What is a Breast Cyst?
Breast cysts are benign (not cancer). They are one of the most common causes of a breast lump and can develop in one or both breasts.
Breast tissue contains lobes of glandular tissue that are divided into smaller lobules that produce milk during pregnancy and breast-feeding. Breast cysts develop when there is an accumulation of fluid inside these glands.
Symptoms of a Breast Cyst
Sometimes a breast cyst can be felt. It may feel smooth, round like a grape and have borders distinct from surrounding breast tissue. Cysts are often tender and increase in size just before your menstrual cycle and then decrease after your cycle.
What causes Breast Cysts?
It is believed that they develop as the breast changes with age due to changes in the hormonal cycle. Breasts cysts are common in women before menopause, between ages 35 and 50, but can occur in women of any age.
Diagnosis of Cysts
If you have any changes or concerns about a change in your breasts your doctor will want to do a breast exam. A breast exam won’t determine if a breast lump is a cyst so your doctor may order some additional testing such as a diagnostic mammogram and/or breast ultrasound.
A breast ultrasound can help determine if a breast lump is solid or fluid filled. A breast cyst is fluid filled while a solid appearing mass is still most likely benign but may require further testing.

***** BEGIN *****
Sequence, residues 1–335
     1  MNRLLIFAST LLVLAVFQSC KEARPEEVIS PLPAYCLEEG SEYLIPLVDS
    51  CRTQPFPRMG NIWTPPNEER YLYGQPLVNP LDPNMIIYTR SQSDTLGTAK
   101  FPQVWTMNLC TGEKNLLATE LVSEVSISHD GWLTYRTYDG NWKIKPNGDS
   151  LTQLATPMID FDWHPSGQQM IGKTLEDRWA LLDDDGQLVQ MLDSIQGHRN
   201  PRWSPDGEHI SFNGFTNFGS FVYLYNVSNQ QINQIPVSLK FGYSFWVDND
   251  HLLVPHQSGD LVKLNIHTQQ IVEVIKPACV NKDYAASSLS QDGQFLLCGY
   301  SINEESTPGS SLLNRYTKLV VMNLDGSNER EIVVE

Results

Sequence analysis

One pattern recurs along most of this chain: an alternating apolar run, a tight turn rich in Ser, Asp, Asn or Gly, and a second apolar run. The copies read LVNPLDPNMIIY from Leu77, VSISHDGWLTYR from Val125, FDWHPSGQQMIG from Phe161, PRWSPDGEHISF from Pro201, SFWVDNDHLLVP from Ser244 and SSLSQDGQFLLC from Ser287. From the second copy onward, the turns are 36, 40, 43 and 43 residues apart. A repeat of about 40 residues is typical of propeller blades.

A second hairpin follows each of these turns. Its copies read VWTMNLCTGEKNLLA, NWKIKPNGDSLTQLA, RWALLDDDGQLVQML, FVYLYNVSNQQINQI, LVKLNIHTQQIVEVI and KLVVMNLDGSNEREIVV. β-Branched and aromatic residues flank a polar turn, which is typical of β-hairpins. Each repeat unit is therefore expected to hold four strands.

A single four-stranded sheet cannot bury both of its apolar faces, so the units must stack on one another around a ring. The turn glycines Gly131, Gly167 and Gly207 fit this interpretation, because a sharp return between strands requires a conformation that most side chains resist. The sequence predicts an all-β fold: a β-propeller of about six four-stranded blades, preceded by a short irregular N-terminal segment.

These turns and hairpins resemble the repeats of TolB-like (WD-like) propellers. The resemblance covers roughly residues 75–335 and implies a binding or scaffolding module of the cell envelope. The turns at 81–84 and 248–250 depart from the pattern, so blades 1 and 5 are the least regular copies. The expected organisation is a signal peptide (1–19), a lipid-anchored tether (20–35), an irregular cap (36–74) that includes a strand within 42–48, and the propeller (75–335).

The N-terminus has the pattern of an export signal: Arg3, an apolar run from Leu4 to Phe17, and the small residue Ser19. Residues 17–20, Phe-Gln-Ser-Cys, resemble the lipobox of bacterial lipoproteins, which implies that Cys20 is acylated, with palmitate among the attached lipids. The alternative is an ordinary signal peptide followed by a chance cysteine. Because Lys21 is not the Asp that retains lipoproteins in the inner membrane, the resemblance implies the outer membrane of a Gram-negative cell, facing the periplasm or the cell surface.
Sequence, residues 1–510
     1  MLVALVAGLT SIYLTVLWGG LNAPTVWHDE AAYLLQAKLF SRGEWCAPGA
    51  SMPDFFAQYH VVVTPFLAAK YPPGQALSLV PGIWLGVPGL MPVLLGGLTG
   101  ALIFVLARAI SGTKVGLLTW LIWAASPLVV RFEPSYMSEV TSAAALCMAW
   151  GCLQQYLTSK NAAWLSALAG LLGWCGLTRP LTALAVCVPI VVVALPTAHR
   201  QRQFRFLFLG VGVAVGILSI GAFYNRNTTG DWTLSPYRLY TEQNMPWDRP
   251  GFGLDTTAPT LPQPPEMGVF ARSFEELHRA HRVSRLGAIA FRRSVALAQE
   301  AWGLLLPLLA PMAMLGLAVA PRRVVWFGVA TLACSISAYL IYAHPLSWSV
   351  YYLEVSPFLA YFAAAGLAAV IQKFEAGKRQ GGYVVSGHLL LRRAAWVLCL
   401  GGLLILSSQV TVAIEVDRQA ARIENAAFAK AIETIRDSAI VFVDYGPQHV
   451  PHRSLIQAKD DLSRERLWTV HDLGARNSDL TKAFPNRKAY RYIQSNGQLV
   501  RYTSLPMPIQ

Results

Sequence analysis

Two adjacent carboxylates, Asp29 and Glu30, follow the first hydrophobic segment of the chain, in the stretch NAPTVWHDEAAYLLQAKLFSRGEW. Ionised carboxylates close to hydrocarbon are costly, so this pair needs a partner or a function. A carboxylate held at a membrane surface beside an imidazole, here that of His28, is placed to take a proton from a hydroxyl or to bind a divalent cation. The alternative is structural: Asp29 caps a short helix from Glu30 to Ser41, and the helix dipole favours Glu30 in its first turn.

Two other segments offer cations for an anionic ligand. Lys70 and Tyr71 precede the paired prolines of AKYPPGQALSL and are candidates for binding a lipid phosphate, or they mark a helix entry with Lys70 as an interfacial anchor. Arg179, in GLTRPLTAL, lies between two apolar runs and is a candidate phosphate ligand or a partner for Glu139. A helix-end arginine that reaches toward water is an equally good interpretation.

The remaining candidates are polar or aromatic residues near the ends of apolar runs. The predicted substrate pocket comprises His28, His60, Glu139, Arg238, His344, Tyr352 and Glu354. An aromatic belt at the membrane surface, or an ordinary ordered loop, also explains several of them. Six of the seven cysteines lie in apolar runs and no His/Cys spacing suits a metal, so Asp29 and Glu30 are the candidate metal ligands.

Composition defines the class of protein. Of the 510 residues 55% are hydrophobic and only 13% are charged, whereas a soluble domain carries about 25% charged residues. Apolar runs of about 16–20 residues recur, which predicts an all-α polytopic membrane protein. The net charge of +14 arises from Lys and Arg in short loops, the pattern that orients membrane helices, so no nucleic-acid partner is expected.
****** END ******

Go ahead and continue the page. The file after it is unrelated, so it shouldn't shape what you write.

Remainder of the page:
Breast cysts do not require treatment unless they are symptomatic. It may be more difficult to find new breast lumps or other changes if you have breast cysts. If they are painful or uncomfortable a cyst may be aspirated (drained) to relieve the symptoms
Having breast cysts does not increase your risk of breast cancer and will not become cancer.
All women should have routine mammography after age 40 and report any new breast lumps or changes to their provider.
Key Notes on Breast Cysts
- Common cause of breast lumps
- Often come and go with menstrual cycle
- Feel smooth, round, and often cause tenderness
- Benign process in the breast and will not become cancer